July 22, 2019
  
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 Eat Less, Live Longer?

The Quest to Learn Why Slashing Calories Extends Life

Scientists have known for a long time that rats, mice, and worms that eat very little live longer than those that eat normal diets. Now, the results of research on humans are starting to emerge. It may take decades to prove that people who carefully regulate their calories and eating patterns extend their life span, but at the very least, some scientists say, these people may avoid many health problems associated with aging.

This spring scientists issued a report documenting the health benefits on a small group of people between ages 35 and 82 who decided to severely restrict their calorie intake simply on the basis of what is known about laboratory animals. These people have a lower risk of heart disease, as well as reduced chances of having a stroke or getting diabetes. Incidence of these three conditions generally increases markedly as people age.

John O. Holloszy of the Washington University School of Medicine, in St. Louis, Missouri, and his colleagues cataloged what they call “profound and sustained beneficial effects” of the calorie restricted diet.

Over a three-year period, Holloszy’s team at Washington University compared 18 people who had, in hopes of slowing the aging process, independently eaten a calorie-restricted diet for at least six years, and 18 healthy, non-obese study participants who ate typical Western diets. Their findings appeared the Proceedings of the National Academies of Sciences.

The study volunteers consumed from 2,000 to 3,550 calories per day, and the calorie restriction group consumed between approximately 1,000 and 2,000 calories per day.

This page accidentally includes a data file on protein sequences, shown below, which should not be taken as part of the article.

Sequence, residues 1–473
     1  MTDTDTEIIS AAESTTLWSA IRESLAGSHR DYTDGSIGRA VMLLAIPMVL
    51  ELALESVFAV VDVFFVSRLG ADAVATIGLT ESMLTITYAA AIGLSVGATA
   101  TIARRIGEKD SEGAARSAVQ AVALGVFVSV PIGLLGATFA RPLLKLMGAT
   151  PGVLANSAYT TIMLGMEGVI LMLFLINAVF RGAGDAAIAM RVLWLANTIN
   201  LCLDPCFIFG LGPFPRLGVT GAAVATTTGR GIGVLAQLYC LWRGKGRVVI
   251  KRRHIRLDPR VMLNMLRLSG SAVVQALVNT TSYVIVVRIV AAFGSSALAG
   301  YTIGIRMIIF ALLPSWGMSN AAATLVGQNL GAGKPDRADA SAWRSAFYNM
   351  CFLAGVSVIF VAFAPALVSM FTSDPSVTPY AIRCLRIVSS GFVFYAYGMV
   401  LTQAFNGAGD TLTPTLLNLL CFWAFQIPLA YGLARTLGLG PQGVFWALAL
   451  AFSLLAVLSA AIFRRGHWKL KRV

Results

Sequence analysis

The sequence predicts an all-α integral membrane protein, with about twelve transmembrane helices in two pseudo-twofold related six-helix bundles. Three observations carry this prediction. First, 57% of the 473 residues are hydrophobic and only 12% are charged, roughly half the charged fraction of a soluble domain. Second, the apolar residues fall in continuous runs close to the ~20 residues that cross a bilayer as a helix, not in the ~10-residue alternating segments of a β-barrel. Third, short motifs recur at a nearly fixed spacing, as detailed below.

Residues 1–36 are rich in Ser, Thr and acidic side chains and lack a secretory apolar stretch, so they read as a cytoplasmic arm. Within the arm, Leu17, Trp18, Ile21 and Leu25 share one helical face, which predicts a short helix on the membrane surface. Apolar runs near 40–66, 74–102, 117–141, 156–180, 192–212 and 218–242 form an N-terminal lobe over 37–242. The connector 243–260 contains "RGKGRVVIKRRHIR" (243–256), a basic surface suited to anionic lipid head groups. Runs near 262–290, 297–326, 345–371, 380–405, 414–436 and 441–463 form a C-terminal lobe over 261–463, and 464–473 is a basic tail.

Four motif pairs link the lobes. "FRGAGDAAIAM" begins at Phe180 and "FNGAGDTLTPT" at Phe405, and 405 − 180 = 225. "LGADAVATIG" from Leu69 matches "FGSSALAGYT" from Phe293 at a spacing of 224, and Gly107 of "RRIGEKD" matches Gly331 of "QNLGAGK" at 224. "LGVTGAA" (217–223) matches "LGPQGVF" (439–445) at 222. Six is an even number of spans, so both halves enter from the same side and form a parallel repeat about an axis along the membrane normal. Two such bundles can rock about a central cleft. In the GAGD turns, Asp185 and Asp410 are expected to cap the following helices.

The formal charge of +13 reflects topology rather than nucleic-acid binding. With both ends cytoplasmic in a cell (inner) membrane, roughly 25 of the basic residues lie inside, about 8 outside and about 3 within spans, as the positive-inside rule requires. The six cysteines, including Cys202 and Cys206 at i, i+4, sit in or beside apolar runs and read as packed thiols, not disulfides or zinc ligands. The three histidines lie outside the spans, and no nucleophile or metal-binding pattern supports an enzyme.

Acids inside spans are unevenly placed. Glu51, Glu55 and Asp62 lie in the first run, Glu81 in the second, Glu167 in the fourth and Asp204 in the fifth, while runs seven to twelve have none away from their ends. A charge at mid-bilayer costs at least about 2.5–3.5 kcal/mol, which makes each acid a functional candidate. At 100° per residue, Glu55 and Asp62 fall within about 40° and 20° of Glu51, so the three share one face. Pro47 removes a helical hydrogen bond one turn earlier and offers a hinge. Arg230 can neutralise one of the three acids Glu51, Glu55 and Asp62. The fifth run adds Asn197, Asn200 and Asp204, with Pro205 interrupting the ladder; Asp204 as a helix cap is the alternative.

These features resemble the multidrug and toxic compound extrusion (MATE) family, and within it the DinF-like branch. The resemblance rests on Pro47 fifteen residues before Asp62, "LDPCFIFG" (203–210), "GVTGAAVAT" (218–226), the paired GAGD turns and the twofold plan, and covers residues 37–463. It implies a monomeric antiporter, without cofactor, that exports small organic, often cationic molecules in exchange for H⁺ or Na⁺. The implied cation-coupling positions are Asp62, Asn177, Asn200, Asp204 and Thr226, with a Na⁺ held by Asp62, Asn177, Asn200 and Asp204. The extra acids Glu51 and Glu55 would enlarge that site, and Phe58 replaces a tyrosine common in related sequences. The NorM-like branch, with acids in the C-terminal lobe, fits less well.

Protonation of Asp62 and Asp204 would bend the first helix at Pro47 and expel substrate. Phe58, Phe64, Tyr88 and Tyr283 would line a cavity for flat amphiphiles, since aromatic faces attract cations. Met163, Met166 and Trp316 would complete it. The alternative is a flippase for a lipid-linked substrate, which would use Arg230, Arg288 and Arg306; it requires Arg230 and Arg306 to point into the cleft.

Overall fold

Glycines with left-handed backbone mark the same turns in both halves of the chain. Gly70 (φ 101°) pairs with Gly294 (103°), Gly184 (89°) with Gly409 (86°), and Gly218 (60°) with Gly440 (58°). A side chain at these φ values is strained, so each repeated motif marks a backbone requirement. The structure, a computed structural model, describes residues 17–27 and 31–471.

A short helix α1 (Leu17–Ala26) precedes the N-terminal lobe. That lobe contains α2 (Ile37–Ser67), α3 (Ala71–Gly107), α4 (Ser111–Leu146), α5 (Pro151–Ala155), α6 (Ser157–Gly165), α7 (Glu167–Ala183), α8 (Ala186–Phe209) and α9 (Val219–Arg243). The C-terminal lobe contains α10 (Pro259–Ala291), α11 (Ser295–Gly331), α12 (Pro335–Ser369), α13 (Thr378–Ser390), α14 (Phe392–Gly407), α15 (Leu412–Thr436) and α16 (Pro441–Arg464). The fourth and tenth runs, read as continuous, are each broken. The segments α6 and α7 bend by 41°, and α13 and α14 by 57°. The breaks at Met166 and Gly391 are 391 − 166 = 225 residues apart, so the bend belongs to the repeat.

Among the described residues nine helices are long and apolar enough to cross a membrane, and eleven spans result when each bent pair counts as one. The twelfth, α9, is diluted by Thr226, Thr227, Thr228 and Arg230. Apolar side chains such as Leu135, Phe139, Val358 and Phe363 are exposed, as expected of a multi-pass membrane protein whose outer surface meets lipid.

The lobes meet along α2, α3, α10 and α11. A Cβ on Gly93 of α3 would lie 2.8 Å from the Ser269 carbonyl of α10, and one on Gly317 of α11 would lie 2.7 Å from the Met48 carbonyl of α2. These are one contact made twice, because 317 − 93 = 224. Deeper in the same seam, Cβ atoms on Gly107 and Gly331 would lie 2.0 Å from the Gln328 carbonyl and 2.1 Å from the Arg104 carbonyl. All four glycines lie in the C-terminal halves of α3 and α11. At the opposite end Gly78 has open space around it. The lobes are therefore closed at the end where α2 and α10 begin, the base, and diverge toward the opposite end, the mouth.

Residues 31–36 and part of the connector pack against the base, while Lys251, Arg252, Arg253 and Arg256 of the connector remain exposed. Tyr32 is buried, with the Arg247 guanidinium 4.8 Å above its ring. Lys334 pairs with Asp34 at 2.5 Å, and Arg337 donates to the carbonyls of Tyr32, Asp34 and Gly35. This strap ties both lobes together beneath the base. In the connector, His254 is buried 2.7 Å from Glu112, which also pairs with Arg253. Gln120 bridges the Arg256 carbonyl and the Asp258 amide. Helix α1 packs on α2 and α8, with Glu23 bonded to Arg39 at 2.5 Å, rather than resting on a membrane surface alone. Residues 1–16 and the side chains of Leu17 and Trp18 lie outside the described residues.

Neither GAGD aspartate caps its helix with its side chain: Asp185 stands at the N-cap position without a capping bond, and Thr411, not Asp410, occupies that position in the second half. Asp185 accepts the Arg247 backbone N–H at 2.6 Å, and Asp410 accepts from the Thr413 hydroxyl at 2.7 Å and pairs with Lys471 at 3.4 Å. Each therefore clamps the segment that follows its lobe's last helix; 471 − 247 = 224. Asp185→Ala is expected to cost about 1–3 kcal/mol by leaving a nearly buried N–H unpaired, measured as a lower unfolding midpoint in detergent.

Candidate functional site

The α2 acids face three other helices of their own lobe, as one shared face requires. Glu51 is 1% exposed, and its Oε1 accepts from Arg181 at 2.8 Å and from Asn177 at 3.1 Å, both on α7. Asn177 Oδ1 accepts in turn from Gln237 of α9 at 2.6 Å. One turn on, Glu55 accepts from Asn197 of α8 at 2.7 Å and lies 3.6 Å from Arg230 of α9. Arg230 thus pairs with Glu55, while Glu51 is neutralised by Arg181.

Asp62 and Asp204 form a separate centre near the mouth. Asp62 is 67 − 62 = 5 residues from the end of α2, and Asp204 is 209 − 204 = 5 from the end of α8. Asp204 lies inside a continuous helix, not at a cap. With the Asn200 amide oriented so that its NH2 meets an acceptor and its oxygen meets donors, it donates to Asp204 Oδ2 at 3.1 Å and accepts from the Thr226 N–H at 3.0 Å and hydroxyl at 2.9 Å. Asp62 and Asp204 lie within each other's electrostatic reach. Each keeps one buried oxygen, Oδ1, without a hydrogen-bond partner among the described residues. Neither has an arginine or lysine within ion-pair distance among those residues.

The dietitian-approved meal plan is carefully balanced: The calorie restriction group consumed about 26 percent of their calories from protein, 28 percent from fat, and 46 percent from complex carbohydrates. The fare was enlivened by a nutrient-dense array of fruits, vegetables, legumes, and whole grains.

“Calorie restriction is not about starvation,” says Chhanda Dutta, chief of the Clinical Gerontology Branch of the National Institute on Aging in Bethesda, Maryland. “It’s about lowering caloric intake, minus malnutrition.”

The calorie-restriction subjects scored vastly better on all major risk factors for heart disease including total cholesterol, triglycerides, and blood pressure. Each of these tends to increase with advancing age. They also have very low amounts of body fat compared to the average person in the control group, who had about 25 percent body fat.

This quality protects the calorie restrictors from the type 2 diabetes associated with obesity, Holloszy says.

In addition, three people in the calorie restriction group had familial high cholesterol when the study began. According to Holloszy, calorie restriction reduced their cholesterol levels, and they no longer take cholesterol-lowering medication.

“The amazing thing is that regardless of their genetic background, they all showed the same response,” he says.

And their blood contained negligible amounts of the protein (CRP) known to cause inflammation, which is increasingly believed to be a factor in diseases

The idea for the study originated with a letter Holloszy received from a man asking about his research comparing individuals on a calorie-restricted diet with individuals who produce the same calorie deficit by exercise. The man, Dean Pomerleau, followed a calorie-restricted diet and participates in the Caloric Restriction Optimal Nutrition Society. Holloszy realized he had a ready-made test group for the study.

Of the 18 participants, many had practiced the calorie restriction diet for years, and kept scrupulous records of their health and food intake.

“We’re a ready population they could use to do a quick comparison against a standard population,” says Pomerleau. “It’s hard to get people to volunteer to eat like this.”

Since he began “serious” calorie restriction in 2000 at age 35, Pomerleau’s weight has dropped from about 170 to his current lean weight of 123. He calculates that, based on data from the animal studies, every calorie you avoid is worth about 30 seconds of extra life.
Or, Pomerleau says, putting it another way, “I’m more than willing to give up a piece of pizza to live another three hours.”

 

 

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